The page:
Socio-demographic data were recorded using the profile sheet developed for this purpose in the department. Clinical variables recorded included the main diagnostic groups as regards the preferred substances of intake. These groups were alcohol, natural opioids [opium and poppy husk], and synthetic/semi-synthetic opioids [heroin, dextropropoxyphene (DPP) capsules, buprenorphine and pentazocine (intravenous injections), codeine containing cough syrups (CCCS), and diphenoxylate tablets], and mixed (where both F10.24 and F11.24 were diagnosed). Comorbid dependence or harmful use syndromes such as that with nicotine (F17.24) or cannabis (F12.24) or sedatives (F13.24) were noted but not entered into the analysis separately. These patients were included in the study as has been mentioned earlier. The outcome at discharge was taken as improved wherever mentioned as such in the case notes. This would imply that the patient had been discharged after satisfactory detoxification and institution of pharamacoprophylactic agents and other non-pharmacological means of deaddiction. The outcome was taken as not improved whenever the patient was recorded to have 'absconded from the ward', 'discharged on disciplinary grounds', 'left the ward against medical advice', or 'not complied with pharmacoprophylaxis institution and non-pharmacological means of deaddiction'. The pharamacoprophylactic medication was noted. These included Disulfiram (DSF), Naltrexone (NTX), DSF+NTX or none. Finally, patients were considered to be following-up if case notes revealed that they had followed-up in the month prior to the date of assessment. Chi-Square test was used to find differences between groups for categorical variables. For continuous variables, an independent sample t -test was used. Kaplan-Meier survival curves were generated with the duration to relapse as the survival time variable and abstinence or relapsed status as the survival status variable. The variables of diagnostic groups, outcome at discharge, pharmacoprophylaxis and follow-up were separately entered as factors in the above analysis and the Log-rank test was used to quantify the differences in the survival in each of these analyses. The variables for which the difference was found to be statistically significant ( P <0.05) were entered in a Cox's regression analysis to compute the hazard ratio with 95% confidence interval. All statistical analyses were done with the SPSS version 10.0 statistics software for windows (SPSS Inc., Chicago, IL). [18]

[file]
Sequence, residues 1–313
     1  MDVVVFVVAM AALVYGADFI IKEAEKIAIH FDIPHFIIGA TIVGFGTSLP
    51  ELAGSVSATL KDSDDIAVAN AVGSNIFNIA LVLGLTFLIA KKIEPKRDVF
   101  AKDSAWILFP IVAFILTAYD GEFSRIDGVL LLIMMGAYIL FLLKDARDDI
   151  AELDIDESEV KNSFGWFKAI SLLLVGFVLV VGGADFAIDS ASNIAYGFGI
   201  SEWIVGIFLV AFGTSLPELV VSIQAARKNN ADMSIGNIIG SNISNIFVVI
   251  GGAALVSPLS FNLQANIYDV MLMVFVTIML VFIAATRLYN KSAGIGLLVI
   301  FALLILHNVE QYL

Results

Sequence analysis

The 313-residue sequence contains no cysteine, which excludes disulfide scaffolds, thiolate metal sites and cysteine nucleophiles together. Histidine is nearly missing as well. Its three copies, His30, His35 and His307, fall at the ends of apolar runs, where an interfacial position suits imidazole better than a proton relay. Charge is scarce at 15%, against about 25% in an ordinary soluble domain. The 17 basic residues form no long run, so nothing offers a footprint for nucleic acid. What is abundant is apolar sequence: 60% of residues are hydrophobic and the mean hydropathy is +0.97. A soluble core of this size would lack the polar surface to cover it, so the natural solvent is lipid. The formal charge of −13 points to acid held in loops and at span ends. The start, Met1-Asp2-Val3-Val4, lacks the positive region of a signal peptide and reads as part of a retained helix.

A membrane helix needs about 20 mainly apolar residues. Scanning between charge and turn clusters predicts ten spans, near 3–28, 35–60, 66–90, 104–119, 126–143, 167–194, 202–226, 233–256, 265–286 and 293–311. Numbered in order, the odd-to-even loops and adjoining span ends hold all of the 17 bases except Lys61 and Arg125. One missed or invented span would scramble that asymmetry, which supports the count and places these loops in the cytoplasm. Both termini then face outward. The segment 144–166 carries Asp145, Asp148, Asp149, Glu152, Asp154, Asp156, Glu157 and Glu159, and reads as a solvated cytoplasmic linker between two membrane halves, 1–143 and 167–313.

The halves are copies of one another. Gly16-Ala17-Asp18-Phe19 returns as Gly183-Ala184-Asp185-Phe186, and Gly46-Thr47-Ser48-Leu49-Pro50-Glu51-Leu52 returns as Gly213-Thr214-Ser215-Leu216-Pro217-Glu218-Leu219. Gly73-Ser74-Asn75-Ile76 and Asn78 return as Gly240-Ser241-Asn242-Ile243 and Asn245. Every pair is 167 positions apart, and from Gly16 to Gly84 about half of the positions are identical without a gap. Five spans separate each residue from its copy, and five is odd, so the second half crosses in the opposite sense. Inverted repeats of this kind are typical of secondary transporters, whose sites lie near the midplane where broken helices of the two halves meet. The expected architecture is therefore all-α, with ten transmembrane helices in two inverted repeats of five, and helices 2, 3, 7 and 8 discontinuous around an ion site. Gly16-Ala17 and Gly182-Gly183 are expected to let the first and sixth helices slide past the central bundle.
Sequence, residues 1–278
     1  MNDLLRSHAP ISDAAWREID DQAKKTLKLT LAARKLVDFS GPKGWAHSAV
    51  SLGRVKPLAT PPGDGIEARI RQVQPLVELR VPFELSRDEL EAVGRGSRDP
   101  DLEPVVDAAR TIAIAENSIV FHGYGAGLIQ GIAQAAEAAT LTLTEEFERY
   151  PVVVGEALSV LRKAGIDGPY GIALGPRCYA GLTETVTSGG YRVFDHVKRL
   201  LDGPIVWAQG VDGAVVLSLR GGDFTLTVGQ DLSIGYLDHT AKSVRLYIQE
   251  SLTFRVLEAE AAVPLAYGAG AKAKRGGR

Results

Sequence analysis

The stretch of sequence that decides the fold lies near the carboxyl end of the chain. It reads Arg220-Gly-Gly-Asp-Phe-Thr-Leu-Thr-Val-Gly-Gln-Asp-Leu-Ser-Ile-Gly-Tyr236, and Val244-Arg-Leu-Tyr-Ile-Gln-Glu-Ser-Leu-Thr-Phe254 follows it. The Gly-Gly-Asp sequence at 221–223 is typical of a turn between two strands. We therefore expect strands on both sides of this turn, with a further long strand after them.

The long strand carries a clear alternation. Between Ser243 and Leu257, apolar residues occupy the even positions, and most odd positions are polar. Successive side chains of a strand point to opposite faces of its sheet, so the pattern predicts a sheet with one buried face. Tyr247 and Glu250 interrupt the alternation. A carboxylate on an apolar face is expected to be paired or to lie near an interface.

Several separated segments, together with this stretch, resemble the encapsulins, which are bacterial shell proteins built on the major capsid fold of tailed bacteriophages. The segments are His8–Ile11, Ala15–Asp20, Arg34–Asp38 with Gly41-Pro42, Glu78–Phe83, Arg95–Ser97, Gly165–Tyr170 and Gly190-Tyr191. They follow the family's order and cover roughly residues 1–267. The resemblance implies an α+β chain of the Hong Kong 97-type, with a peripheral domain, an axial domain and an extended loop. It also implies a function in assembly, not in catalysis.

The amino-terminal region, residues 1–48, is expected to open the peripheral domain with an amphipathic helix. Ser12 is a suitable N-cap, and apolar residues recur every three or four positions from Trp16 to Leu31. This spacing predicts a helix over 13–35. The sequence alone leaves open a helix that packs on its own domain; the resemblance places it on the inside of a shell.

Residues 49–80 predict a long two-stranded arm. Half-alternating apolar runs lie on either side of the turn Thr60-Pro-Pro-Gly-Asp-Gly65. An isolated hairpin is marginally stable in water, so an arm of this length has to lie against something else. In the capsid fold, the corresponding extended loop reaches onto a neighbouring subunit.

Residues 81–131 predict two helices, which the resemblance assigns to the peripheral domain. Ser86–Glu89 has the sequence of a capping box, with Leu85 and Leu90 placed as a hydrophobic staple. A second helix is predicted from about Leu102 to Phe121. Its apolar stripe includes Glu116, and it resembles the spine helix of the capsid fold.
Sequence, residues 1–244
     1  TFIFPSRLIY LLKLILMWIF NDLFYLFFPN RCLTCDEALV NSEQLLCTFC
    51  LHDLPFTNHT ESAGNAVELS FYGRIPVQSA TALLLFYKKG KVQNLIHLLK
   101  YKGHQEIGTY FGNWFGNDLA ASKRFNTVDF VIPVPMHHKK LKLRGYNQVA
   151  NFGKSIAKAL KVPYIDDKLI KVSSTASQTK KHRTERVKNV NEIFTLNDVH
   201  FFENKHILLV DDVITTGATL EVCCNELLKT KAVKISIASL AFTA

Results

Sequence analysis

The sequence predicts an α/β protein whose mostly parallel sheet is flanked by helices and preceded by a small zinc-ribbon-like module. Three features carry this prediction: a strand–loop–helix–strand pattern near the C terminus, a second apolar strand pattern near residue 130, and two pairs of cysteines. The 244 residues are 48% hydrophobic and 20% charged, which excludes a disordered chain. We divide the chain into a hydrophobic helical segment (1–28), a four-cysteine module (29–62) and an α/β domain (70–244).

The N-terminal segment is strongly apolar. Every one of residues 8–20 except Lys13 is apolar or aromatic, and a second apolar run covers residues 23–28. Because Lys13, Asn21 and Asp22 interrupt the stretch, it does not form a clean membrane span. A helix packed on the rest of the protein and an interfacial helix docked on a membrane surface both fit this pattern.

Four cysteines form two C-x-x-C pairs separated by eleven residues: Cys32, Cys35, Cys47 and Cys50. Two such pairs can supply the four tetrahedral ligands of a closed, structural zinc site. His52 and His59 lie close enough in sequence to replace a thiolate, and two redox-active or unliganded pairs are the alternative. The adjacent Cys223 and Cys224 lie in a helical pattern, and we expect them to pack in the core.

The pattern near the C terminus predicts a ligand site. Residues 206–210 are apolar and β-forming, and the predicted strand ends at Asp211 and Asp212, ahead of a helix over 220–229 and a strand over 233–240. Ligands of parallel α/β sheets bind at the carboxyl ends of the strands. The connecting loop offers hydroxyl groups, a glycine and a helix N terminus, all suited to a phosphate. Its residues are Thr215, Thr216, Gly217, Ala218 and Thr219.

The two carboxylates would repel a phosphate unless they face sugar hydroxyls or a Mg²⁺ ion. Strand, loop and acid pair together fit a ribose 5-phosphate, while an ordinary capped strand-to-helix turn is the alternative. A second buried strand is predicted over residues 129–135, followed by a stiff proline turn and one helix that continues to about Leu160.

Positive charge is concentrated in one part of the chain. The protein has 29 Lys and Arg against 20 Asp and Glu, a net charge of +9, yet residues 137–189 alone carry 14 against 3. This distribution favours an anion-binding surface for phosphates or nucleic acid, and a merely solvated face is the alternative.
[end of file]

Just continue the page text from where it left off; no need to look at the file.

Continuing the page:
Results Top